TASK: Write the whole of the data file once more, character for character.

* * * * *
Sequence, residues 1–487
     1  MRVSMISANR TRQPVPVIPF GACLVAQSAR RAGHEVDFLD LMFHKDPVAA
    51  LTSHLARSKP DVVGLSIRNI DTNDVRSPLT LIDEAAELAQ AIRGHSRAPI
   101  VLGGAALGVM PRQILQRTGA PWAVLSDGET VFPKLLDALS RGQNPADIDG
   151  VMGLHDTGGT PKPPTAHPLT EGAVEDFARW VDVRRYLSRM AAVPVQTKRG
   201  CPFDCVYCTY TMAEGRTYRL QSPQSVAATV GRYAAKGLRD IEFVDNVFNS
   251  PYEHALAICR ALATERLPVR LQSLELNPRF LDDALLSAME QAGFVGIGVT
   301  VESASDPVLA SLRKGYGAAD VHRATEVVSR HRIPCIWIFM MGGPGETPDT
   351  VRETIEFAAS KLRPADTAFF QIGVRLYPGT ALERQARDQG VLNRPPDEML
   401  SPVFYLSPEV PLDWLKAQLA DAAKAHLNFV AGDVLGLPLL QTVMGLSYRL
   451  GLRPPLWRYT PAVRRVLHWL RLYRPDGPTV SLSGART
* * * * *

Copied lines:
Sequence, residues 1–487
     1  MRVSMISANR TRQPVPVIPF GACLVAQSAR RAGHEVDFLD LMFHKDPVAA
    51  LTSHLARSKP DVVGLSIRNI DTNDVRSPLT LIDEAAELAQ AIRGHSRAPI
   101  VLGGAALGVM PRQILQRTGA PWAVLSDGET VFPKLLDALS RGQNPADIDG
   151  VMGLHDTGGT PKPPTAHPLT EGAVEDFARW VDVRRYLSRM AAVPVQTKRG
   201  CPFDCVYCTY TMAEGRTYRL QSPQSVAATV GRYAAKGLRD IEFVDNVFNS
   251  PYEHALAICR ALATERLPVR LQSLELNPRF LDDALLSAME QAGFVGIGVT
   301  VESASDPVLA SLRKGYGAAD VHRATEVVSR HRIPCIWIFM MGGPGETPDT
   351  VRETIEFAAS KLRPADTAFF QIGVRLYPGT ALERQARDQG VLNRPPDEML
   401  SPVFYLSPEV PLDWLKAQLA DAAKAHLNFV AGDVLGLPLL QTVMGLSYRL
   451  GLRPPLWRYT PAVRRVLHWL RLYRPDGPTV SLSGART